Britain’s Soda Tax: Potent Symbolism?
Will Britain’s soda tax turn out to be potent symbolism or just another leaky sandbag on the obesity levee? We are well past the point of changing anyone’s mind on this polarized issue. It’s become an article of faith for some — they’ve discarded any doubts it will work. For others, it’s evidence for the irrationality of policymaking to address obesity. Perhaps to illustrate both points at once, Jamie Oliver danced a jig in the midst of a live BBC interview when the move was announced.
In a thoughtful report published by Vox, Julia Belluz makes a few key observations:
- Taxes might drive soda consumption down further.
- Little evidence shows an impact on health.
- They might have symbolic value.
The question of symbolic value is an interesting one that requires a leap of faith. Even the most ardent fans of soda taxes will admit that they will not, by themselves, solve the problem of excess obesity. But Roland Sturm, a rather hard-nosed economist, points to the example of tobacco taxes to illustrate the potential for indirect effects. He told Vox:
Smoking rates didn’t drop immediately, and taxation had a small effect on consumption immediately. But eventually the taxes had an effect, and with fewer people smoking, it becomes less acceptable to smoke, so there was a feedback loop.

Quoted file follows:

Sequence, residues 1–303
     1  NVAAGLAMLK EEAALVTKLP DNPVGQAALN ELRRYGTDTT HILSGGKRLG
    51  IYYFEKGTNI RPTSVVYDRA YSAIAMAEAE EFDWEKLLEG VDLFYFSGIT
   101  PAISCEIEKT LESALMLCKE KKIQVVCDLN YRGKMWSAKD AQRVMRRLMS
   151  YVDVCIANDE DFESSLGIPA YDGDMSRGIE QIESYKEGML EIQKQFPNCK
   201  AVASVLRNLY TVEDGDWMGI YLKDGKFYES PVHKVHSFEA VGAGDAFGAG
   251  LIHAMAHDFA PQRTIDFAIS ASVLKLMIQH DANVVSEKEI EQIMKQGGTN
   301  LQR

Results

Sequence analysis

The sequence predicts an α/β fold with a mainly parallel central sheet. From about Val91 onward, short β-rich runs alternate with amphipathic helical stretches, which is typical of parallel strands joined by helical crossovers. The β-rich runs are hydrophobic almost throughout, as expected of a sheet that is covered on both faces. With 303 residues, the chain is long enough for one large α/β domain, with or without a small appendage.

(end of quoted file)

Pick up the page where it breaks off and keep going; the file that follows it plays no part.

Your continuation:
We view soda taxes as an experiment, now ongoing in Berkeley, Mexico, and soon in Britain. Our hope is that objective scholars will study their effects, rather than look for outcomes in which they have a vested interest. And yes, someone who is invested in hyping the dangers of sugar has a conflicting interest, just as someone invested in consulting for the soda industry does.
Click here to read more from Vox, here to read more from the Washington Post, and here to read more from the Atlantic. Click here for a systematic review of the effectiveness of food subsidies and taxes.
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March 28, 2016